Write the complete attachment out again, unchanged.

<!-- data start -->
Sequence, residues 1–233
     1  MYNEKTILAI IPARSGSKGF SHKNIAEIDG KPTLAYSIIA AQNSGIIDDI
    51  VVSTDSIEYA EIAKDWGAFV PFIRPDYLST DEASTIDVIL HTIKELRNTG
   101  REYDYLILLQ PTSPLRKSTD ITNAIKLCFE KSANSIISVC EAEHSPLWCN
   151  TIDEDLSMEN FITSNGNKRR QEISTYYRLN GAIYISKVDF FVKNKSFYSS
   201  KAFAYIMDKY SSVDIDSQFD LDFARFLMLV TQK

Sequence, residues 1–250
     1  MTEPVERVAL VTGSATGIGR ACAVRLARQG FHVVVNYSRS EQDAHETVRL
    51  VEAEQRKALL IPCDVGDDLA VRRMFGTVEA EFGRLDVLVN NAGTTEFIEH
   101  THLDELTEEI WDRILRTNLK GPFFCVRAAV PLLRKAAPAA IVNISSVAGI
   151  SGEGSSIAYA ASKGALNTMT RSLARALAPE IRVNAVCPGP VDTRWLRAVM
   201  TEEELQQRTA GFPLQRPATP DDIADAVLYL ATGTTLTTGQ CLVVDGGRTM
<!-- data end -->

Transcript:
Sequence, residues 1–233
     1  MYNEKTILAI IPARSGSKGF SHKNIAEIDG KPTLAYSIIA AQNSGIIDDI
    51  VVSTDSIEYA EIAKDWGAFV PFIRPDYLST DEASTIDVIL HTIKELRNTG
   101  REYDYLILLQ PTSPLRKSTD ITNAIKLCFE KSANSIISVC EAEHSPLWCN
   151  TIDEDLSMEN FITSNGNKRR QEISTYYRLN GAIYISKVDF FVKNKSFYSS
   201  KAFAYIMDKY SSVDIDSQFD LDFARFLMLV TQK

Sequence, residues 1–250
     1  MTEPVERVAL VTGSATGIGR ACAVRLARQG FHVVVNYSRS EQDAHETVRL
    51  VEAEQRKALL IPCDVGDDLA VRRMFGTVEA EFGRLDVLVN NAGTTEFIEH
   101  THLDELTEEI WDRILRTNLK GPFFCVRAAV PLLRKAAPAA IVNISSVAGI
   151  SGEGSSIAYA ASKGALNTMT RSLARALAPE IRVNAVCPGP VDTRWLRAVM
   201  TEEELQQRTA GFPLQRPATP DDIADAVLYL ATGTTLTTGQ CLVVDGGRTM